Alloy of hydrogen and oxygen made from water

By | October 27, 2006

Alloy of hydrogen and oxygen made from waterPure water made into a metal. Cool.

Researchers have now used x-rays to dissociate water at high pressure to form a solid mixture–an alloy–of molecular oxygen and molecular hydrogen. The work, by a multi-institutional team that includes Russell Hemley and Ho-kwang Mao of Carnegie’s Geophysical Laboratory, appears in the October 27 issue of Science.

The researchers subjected a sample of water to extremely high pressures–about 170,000 times the pressure at sea level (17 Gigapascals)–using a diamond anvil, and zapped it with high-energy x-rays. Under these conditions, nearly all the water molecules split apart and re-formed into a solid alloy of O2 and H2. X-radiation proved to be the key to cleaving the O-H bonds in water; without it, the water remained in a high-pressure form of ice known as ice VII–one of at least 15 such variants of ice that exist under high pressure and variable temperature conditions. – physorg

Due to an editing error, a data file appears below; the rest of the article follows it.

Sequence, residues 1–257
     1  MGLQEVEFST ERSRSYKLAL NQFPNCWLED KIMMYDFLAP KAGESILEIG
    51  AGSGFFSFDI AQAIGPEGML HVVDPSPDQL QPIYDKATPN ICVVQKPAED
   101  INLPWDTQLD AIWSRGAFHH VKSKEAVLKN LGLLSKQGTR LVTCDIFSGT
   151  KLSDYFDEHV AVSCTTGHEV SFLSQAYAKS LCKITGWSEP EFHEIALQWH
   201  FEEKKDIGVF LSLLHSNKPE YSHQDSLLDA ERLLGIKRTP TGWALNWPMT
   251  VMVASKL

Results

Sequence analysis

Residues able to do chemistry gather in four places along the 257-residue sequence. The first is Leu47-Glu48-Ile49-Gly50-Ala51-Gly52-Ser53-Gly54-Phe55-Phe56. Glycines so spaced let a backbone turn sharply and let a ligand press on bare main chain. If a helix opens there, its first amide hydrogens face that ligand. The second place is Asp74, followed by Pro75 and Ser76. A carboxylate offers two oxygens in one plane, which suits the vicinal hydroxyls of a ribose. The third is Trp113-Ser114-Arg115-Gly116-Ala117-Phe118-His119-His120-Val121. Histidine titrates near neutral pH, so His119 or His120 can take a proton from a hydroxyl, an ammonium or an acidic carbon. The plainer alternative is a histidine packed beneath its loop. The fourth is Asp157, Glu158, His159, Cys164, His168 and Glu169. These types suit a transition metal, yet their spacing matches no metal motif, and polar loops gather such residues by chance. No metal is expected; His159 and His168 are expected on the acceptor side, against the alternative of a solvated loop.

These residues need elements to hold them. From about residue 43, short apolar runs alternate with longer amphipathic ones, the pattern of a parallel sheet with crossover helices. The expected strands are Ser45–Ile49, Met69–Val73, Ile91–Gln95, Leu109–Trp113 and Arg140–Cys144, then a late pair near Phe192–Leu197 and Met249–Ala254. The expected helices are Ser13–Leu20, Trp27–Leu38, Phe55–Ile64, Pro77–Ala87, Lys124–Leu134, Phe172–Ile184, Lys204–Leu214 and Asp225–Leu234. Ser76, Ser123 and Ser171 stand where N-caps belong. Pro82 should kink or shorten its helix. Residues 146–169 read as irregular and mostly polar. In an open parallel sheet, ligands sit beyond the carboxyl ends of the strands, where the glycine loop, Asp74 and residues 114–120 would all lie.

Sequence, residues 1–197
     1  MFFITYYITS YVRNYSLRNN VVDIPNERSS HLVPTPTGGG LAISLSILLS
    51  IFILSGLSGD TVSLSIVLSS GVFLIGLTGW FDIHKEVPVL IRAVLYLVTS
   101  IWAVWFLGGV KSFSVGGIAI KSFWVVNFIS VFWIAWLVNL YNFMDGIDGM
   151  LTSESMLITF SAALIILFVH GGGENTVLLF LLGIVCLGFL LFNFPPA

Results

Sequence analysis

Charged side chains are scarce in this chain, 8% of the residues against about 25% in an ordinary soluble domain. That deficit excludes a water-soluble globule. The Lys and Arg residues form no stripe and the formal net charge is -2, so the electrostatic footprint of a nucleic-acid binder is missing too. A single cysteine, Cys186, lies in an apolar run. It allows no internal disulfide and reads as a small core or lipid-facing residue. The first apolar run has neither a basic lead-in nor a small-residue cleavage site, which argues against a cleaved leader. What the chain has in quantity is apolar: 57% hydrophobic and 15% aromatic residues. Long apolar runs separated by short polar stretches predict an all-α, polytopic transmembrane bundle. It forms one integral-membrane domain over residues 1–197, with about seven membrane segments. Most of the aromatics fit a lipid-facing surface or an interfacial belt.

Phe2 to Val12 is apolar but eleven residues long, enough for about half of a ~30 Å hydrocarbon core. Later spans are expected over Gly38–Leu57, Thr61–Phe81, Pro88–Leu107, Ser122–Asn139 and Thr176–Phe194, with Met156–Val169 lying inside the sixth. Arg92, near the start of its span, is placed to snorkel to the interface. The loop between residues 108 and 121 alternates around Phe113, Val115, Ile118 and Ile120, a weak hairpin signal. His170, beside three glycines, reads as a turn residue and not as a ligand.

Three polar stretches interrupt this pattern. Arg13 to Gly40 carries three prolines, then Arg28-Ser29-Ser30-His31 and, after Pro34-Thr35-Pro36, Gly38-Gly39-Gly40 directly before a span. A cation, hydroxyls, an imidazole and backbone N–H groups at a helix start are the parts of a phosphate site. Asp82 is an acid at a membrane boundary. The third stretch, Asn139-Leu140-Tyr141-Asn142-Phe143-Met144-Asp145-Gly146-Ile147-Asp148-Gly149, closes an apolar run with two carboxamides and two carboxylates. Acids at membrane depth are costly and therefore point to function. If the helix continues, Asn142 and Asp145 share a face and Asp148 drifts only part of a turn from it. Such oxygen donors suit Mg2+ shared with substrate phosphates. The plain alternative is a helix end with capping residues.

An alloy is a combination, either in solution or compound, of two or more elements, at least one of which is a metal, and where the resulting material has metallic properties.

“The existence of this new alloy is very interesting but not hugely surprising,” says Sean McWhinnie, at the Royal Society of Chemistry in London, UK. “Given high enough pressures, even hydrogen will behave as a metal. All, the other heavier elements in hydrogen’s group of the periodic table are metals,” she points out. – newsci

This much pressure happens naturally at more than 300 miles beneath the Earth’s surface.

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